Floor-to-ceiling south-facing windows with lots of sunlight. Sounds nice, right? But if your place does not have these features, read on to find out how to create an at-home oasis full of plants suited for low light.
No plant really likes low light but it is possible for some plants to survive it. Plants need light to eat, and the only source of food is by a window. Rooms with windows are like caves to plants. Plants will not grow in low light, and even if they do, it’s likely to be pale and spindly. In low light, plants will thin themselves out by dropping leaves. Plants in low light are using the last of its energy to search for light. If you see spindly growth, thinning or dropping, move your plant closer to the window.
Think about where you want to place your plants. Generally, anything further than 5-7' from a window is considered “low light”, and anything more than 10' from a window is too dark. If your windows face other buildings or face north, the light coming through is weak. This is ambient light, not direct sunlight. Any plant you place on or closest to the window is receiving medium light. A plant placed more than a 1-3' from the window is receiving low light. Do not place plants more than 5' away from this type of light.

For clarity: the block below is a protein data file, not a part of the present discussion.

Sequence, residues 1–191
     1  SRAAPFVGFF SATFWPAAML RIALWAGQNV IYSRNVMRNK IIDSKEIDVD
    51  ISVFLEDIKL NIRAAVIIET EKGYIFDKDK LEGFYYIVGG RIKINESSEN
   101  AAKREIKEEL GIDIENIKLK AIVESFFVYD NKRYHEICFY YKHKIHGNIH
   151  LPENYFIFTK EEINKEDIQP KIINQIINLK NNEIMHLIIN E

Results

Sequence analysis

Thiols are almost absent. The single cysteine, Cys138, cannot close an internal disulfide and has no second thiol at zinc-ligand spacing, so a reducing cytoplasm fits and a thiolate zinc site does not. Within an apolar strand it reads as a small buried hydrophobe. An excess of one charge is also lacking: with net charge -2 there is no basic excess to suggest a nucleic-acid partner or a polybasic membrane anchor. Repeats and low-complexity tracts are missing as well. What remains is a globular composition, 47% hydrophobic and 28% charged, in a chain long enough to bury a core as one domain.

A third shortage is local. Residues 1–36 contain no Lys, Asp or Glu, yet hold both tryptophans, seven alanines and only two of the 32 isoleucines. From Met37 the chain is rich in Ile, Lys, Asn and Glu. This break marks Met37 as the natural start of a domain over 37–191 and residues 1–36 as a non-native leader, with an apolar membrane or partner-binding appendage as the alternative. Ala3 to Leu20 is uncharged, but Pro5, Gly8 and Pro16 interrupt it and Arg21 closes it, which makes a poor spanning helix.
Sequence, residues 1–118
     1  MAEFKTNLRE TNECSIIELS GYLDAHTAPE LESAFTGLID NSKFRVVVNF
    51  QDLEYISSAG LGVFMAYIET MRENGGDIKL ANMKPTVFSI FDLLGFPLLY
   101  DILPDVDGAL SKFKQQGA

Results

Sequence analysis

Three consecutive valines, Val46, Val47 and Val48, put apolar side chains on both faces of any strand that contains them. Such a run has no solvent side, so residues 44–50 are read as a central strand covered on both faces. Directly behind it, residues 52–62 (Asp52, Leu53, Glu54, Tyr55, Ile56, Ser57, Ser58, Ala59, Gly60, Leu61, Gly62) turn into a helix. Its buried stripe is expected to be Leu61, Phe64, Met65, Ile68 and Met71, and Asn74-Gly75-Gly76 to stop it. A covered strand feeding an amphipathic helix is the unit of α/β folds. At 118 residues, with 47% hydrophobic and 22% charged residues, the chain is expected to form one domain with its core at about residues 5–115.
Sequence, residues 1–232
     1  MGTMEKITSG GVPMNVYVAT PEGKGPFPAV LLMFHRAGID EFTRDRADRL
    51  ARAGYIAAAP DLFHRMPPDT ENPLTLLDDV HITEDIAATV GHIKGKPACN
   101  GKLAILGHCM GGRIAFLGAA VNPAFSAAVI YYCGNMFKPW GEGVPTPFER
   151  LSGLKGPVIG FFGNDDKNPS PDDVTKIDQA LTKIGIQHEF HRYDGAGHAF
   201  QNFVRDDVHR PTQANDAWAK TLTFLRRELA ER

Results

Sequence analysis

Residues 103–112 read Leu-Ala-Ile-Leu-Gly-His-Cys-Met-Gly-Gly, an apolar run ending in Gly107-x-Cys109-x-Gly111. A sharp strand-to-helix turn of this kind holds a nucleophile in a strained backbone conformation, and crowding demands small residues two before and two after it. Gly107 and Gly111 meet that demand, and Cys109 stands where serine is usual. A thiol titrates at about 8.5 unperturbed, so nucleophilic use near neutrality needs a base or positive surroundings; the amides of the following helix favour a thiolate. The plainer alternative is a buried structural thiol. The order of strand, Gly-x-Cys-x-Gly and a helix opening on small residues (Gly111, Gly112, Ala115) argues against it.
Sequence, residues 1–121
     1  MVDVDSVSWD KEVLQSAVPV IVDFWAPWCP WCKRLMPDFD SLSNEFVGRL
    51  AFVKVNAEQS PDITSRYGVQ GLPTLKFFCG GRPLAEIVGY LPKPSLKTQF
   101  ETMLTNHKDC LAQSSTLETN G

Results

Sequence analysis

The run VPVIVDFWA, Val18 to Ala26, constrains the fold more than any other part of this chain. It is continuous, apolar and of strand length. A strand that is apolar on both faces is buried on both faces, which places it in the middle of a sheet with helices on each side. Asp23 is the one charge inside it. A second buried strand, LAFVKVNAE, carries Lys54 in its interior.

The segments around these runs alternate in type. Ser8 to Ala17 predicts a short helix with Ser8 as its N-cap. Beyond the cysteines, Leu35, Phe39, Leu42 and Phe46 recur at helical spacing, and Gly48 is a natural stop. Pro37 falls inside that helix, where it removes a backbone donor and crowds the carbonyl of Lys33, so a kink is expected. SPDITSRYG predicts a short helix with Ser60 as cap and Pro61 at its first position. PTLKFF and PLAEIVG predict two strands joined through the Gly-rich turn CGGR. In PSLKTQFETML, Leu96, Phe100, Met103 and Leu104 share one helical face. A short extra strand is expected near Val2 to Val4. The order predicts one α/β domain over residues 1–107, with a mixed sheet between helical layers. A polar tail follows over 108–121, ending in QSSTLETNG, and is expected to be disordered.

To get you started, here are some low light plants we love.
One of the best low light options, Marimo lives at the bottom of freshwater lakes where the water scatters light away and where it’s quite dark. Marimo can also use artificial light efficiently. Plus, they live in water, so it’s basically impossible to overwater these guys.
Native to lush tropical understories where the light is all but blocked by taller plants, the ZZ plant survives on ambient light, making it a great choice for low light rooms.
Pothos is super tolerant of lower light conditions, perfect for those north-facing windows or windows that face other buildings. By adding a pothos, you can really create a better view.